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Mid-infrared erbium cascade lasers for the remote detection of carbon dioxide
Funder: European CommissionProject code: 794361 Call for proposal: H2020-MSCA-IF-2017
Funded under: H2020 | MSCA-IF-EF-ST Overall Budget: 171,461 EURFunder Contribution: 171,461 EUR
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Research data: No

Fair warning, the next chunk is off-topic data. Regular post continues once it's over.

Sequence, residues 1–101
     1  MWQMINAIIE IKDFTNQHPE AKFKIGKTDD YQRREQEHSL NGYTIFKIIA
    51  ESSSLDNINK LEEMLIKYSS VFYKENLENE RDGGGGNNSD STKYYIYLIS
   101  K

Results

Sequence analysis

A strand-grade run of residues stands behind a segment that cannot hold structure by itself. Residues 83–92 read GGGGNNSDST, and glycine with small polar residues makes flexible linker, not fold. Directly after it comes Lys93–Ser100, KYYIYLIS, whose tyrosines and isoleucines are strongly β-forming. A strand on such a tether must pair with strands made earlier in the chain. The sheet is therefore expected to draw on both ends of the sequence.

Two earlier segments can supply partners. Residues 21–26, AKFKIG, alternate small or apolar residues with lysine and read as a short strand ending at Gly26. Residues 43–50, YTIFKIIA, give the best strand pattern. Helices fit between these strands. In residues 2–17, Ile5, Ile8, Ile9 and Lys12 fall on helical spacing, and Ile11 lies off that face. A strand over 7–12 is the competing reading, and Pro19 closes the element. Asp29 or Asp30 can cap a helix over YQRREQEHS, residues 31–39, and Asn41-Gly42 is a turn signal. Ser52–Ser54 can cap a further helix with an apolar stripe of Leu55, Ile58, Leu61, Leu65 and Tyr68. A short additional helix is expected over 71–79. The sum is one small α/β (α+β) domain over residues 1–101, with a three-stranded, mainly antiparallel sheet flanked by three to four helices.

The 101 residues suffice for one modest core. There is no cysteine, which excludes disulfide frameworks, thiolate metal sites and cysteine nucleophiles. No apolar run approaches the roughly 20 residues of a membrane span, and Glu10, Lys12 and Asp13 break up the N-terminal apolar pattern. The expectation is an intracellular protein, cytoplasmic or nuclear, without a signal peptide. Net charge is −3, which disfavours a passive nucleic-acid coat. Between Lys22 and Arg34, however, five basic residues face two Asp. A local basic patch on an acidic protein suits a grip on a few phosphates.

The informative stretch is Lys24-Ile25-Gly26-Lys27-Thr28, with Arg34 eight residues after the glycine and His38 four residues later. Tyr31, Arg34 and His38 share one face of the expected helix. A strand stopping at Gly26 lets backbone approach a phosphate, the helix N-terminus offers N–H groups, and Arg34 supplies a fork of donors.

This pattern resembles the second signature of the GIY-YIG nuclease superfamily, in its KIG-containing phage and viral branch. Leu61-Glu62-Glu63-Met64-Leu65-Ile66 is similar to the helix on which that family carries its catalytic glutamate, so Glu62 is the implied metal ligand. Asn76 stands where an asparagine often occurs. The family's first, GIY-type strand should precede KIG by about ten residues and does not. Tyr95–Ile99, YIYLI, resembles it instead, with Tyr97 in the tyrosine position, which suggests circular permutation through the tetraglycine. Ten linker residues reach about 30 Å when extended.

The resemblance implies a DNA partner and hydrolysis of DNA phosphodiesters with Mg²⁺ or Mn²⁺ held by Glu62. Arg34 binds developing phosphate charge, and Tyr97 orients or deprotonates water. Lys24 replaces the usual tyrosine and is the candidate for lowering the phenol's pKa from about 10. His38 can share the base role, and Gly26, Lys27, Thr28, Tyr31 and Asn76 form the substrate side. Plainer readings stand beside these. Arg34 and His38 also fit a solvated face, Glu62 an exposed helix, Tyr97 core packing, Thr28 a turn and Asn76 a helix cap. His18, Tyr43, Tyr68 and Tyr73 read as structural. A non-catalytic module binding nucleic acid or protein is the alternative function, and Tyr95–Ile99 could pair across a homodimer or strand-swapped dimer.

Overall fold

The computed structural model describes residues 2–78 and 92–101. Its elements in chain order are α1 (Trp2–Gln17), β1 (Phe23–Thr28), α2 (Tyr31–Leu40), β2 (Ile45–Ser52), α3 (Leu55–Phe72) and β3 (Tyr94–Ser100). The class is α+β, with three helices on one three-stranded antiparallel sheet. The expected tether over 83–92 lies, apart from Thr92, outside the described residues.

Laser sources that can operate in the mid-infrared are increasingly used in applications spanning laser precision surgery to the remote detection of chemicals. Currently, we are experiencing a humanitarian crisis, with the illegal transport of suffering refugees affecting every European country. This project aims to develop a compact and efficient laser source that could potentially help the safe passage of refugees by remotely detecting carbon dioxide that is present when humans breathe. During the course of this project, new laser materials based on erbium-doped sesquioxides will be grown and fully characterised, and developed into highly efficient laser sources. In order to increase the efficiency of erbium-doped lasers operating near 3 µm, these lasers will be made to also emit radiation near 1.6 µm, creating a so-called cascade laser. By using this scheme, the 3 µm transition can be made more efficient since emission of 1.6 µm radiation depopulates its lower laser level, and this scheme further reduces limiting thermal effects, since the 1.6 µm radiation would normally cause heating effects in the laser crystal. This erbium cascade laser will generate 3 µm radiation with more than double the output power that has been previously demonstrated, paving the way for enhanced application-driven experiments. These will be investigated by Q-switching the two-colour laser, and further using this output to generate radiation near 4 µm by means of optical parametric amplification. This now three-colour laser output increases the applicability of such a laser source, allowing for the detection of a larger range of chemical species, but also accurate detection of specific chemicals by measuring the differential absorption of, for example, carbon dioxide at each wavelength. As such, a crude proof-of-concept experiment will be carried out to determine the carbon dioxide concentration in a laboratory environment, by measuring the differential absorption of cabon dioxide at each of the three wavelengths.

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